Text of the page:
Two-factor authentication is a type of multi-factor authentication (requires 1 or more authentication methods) that increases a user’s account security by using two methods to verify your identity. 2FA usually refers to the second layer of security on top of a username and password.
Two-factor authentication involves verifying your identity using two different methods which provide significant extra security to your user accounts. Two-factor authentication is used by many applications to protect your user accounts from hackers. Facebook, Gmail, and Outlook are a few examples of applications that use two-factor authentication. Outlook 2FA is an effective authentication method when trying to protect your user accounts.
Why Do We Need 2FA?
An organization needs 2FA because it is a more effective way of controlling access to a user account than a username and password. Even if a hacker were to gain access to your username and password, they would still need to have access to the 2FA method you have in place.
Without 2FA, your username and password are your only defense against hackers. If this is the case, then you’re at even more risk of having your private information stolen. Simple passwords are no match against cyber attackers using password stealing techniques such as brute-force attacks. When data breaches occur in organizations, many times passwords are leaked to these cybercriminals and the dark web.
How Does 2FA Work?
In terms of two-factor authentication, there are three factors that can be used when deciding what sort of method you want your organization to use. 2FA can be any combination of these three factors: something you know, something you have, and something you are, like fingerprint or facial recognition. Two-factor requires only 2 of these factors whereas MFA requires all three.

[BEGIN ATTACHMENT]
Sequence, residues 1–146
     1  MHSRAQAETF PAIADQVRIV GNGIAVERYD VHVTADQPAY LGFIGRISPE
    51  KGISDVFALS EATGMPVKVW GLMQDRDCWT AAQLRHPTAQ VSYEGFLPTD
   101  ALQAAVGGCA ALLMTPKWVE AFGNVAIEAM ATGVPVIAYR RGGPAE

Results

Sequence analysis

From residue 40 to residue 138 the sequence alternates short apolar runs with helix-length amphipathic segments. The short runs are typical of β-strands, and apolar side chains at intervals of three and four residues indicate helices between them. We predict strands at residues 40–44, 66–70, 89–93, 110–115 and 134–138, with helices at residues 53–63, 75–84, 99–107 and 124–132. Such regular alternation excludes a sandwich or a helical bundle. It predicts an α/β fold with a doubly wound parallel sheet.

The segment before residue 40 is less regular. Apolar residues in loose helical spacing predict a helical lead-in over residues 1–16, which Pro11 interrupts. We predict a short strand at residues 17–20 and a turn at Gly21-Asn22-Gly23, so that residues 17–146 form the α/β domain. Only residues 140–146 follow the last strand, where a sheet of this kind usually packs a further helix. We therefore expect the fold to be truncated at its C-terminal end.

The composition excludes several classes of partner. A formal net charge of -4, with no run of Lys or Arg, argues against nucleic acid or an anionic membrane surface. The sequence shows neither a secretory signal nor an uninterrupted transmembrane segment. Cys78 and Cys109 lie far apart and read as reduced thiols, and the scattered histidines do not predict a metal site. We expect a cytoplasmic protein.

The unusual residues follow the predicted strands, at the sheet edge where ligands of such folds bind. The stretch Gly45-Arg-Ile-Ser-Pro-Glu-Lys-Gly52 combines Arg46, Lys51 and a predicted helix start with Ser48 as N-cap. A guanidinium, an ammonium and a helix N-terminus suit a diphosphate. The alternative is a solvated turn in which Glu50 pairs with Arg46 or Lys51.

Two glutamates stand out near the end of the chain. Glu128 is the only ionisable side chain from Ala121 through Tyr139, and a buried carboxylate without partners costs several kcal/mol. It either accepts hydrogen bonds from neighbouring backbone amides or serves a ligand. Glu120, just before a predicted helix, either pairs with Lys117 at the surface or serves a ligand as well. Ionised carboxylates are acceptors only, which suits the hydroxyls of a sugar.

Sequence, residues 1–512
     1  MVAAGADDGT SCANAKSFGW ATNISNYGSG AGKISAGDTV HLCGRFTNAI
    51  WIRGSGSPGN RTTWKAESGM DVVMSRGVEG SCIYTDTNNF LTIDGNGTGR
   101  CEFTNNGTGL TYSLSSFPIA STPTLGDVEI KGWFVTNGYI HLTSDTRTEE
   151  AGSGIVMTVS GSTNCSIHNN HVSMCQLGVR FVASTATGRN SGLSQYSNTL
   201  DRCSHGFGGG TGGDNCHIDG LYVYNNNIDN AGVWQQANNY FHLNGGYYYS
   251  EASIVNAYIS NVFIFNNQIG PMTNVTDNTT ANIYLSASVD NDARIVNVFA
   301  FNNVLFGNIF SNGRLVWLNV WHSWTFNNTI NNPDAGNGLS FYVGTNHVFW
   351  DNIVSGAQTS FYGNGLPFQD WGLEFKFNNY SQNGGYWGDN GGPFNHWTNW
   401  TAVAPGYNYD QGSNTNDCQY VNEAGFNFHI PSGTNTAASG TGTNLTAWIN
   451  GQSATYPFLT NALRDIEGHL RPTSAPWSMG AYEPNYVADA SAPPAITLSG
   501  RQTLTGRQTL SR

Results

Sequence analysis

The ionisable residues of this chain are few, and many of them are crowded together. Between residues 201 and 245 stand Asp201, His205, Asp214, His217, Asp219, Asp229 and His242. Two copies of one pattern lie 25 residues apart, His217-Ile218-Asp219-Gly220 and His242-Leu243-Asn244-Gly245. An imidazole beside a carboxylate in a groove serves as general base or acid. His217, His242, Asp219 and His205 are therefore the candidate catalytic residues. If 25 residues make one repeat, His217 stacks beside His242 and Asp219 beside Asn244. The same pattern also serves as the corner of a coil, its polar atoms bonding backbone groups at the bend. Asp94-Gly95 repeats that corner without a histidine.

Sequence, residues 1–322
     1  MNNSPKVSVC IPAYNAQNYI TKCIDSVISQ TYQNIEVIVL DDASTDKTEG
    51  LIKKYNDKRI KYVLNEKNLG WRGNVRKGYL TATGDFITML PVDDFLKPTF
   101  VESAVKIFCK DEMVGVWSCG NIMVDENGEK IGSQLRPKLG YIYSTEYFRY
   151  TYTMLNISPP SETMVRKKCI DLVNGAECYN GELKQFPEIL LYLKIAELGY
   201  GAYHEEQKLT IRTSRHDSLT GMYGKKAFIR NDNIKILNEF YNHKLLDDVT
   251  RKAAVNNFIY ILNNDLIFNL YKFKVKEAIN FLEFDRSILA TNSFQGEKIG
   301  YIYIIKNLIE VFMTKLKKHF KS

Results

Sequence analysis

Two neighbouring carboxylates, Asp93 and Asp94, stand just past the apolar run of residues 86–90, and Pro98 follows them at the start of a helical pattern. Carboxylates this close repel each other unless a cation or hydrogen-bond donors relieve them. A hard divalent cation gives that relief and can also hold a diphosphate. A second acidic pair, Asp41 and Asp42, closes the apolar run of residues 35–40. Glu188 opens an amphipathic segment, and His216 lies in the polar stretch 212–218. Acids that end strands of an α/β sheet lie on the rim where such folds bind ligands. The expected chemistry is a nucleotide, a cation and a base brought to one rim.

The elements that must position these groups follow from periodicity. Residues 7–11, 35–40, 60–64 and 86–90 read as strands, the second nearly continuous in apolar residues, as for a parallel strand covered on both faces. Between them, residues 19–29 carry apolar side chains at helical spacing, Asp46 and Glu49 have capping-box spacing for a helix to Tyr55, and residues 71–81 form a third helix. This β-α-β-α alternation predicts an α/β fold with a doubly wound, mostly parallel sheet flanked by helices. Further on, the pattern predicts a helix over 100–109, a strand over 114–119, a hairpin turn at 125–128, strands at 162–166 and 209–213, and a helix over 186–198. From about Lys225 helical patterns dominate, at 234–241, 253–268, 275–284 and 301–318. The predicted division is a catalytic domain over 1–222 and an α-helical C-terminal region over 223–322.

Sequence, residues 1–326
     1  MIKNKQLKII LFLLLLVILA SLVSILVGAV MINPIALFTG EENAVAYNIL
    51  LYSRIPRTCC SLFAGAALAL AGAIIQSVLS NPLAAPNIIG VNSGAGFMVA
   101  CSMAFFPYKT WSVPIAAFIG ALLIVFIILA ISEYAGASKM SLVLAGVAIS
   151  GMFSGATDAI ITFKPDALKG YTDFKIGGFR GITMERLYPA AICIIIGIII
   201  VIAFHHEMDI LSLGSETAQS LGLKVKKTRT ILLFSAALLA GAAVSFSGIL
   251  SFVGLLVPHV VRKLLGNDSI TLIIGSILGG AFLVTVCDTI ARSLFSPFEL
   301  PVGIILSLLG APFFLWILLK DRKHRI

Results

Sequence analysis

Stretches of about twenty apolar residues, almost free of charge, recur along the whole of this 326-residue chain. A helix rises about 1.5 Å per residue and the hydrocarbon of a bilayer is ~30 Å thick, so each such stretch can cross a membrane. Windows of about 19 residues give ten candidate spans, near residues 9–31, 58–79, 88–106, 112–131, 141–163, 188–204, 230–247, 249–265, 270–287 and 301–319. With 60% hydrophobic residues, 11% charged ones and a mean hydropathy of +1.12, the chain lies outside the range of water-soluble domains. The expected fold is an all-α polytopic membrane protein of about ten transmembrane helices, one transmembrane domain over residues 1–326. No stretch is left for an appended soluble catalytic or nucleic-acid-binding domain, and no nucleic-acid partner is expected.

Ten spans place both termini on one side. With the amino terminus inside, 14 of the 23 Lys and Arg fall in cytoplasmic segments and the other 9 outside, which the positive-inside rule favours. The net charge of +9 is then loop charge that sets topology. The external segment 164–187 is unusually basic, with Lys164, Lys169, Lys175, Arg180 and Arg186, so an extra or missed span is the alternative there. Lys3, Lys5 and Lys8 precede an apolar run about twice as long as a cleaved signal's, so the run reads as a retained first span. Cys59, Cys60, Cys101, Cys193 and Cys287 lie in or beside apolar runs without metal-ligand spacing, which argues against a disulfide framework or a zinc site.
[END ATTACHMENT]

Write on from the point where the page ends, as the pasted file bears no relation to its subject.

Here are some examples of the three main 2FA authentication factors:
- Knowledge factor: Something you know. This can’t be physically lost or found but it can be copied. Think of a password or a PIN code.
- Possession factor: Something you have. This can’t be easily copied but can be stolen. Think of a personal phone device, bank card, or physical key.
- Inherence factor: Something you are. This can’t be easily faked as it is unique to you. Think of facial or fingerprint recognition.
For a login process to qualify as two-factor authentication, two different access methods must be used. A username and password are not considered 2FA because both are knowledge factors.
An extra security question still wouldn’t be considered 2FA because it is also a knowledge factor. You would need to add either a possession or inherence factor to your knowledge factor to be considered 2FA protected.
How To Enable Outlook Web App 2FA
When you log into your account from a device, you need to use a special code or password to access your account. The special code is usually sent by text or email, (depending on what you chose as your verification method) and is only valid for a short period anywhere from 10-20mins. This prevents hackers from having a large window of opportunity should you be getting hacked at that point in time.
To enable your two-factor authentication, you need to go to your settings, click on security and toggle your 2FA to on.
It’s a simple process but when you log in to your account, You’re presented with a screen that asks you to enter the code you received by SMS. If you decide to use Email, then you need to use a special ‘app password’ instead of your regular password which you would have set up when you enabled your two-factor authentication. This app password can be used with multiple devices and should be stored in a private database.
When setting up email accounts, you have to remember to use the app password versus your own to have a successful launch.
Two-factor authentication is crucial to the security of your organization. You need to make sure that you are using at least two or more authentication methods. When you successfully enable your 2FA, you can ensure your account is properly protected against cyber criminals and their attacks.